How low can/do/should you go?

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The title of this post relates neither to limbo nor the sense of emotional trauma, although being a postgrad student, you’d think it’d have something to do with the latter…

One of the first things I recognised when starting my Ph.D was the breadth of content and topics that are available to study, even in a field as “specific” as linguistics. To exemplify this, much to the dismay of old-school academics, I invite you to look here at the Wikipedia article for linguistics and have a quick glance at the array of topic areas in the right-hand column. There’s plenty to choose from, and this list isn’t even exhaustive. Multiply that by the number of subject areas out there and, well… you can start see how the breadth of human knowledge is terrifyingly huge.

When you start reading in one area, for instance, sociolinguistics, it can be very easy to slip into another domain depending on where your focus lies, such as translation studies, historical linguistics or psycholinguistics. Cross-disciplinary studies aren’t a bad thing, but you may have to pull yourself back a little from time to time to stop you from branching off too much!

But what about the other way? We can move side-to-side in our reading, but we can also move from a surface level down to a much deeper level, and once you’re down that rabbit hole, it can be extremely tricky to pull yourself back out.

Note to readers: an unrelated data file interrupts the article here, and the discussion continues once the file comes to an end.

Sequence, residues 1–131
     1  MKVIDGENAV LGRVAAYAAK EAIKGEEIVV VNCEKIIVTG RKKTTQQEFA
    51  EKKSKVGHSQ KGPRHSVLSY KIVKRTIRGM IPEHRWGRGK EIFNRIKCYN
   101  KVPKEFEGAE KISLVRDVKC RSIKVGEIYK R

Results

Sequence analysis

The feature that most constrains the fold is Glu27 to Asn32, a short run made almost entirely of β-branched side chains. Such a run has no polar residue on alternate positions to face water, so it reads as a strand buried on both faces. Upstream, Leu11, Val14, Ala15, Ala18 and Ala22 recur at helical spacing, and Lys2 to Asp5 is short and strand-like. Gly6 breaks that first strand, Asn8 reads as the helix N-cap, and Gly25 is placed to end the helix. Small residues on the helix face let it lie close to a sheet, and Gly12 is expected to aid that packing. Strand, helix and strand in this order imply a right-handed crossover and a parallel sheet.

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Let’s start with an analogy. Imagine you’re standing in a shop that has a range of watches on display, and you’re after a simple, inexpensive watch. Some are analogue, some are digital. A few have leather straps, others have metal clasps, and there are a few that you have no idea how the strap even comes apart (come on, we’ve all been there). There are multiple colours and each has its own unique design. This is your array of possible watches (the side-to-side direction of movement as described above), and each of these can be looked at in greater detail (the surface to deep level).

You pick up two analogue watches that look similar and observe the faces closer. The one in your left hand has relatively thick hour, minute, and second hands ticking by, whereas the one in your right hand has thinner hour and minute hands, but these move in a much smoother motion. Curious as to why this is, you flip the watches over and take a look inside at their mechanisms (while undoubtedly getting concerned looks from the staff members). You look at the cogs, the screws, the wheels, and try to figure out what makes them different, but sadly you’re no watch aficionado.

Fortunately, the now perplexed-at-your-actions staff come over and are able to impart more knowledge, but they disagree on some key points. The first staff member believes that the configuration of the cogs cause the ticking motion, whereas the second staff member is certain that the configuration is not the reason, but it’s the size of the teeth and how they interlock. You hear different theories of what the answer may be, considering even more aspects such as the time of product, the materials used, the accuracy of the machining equipment…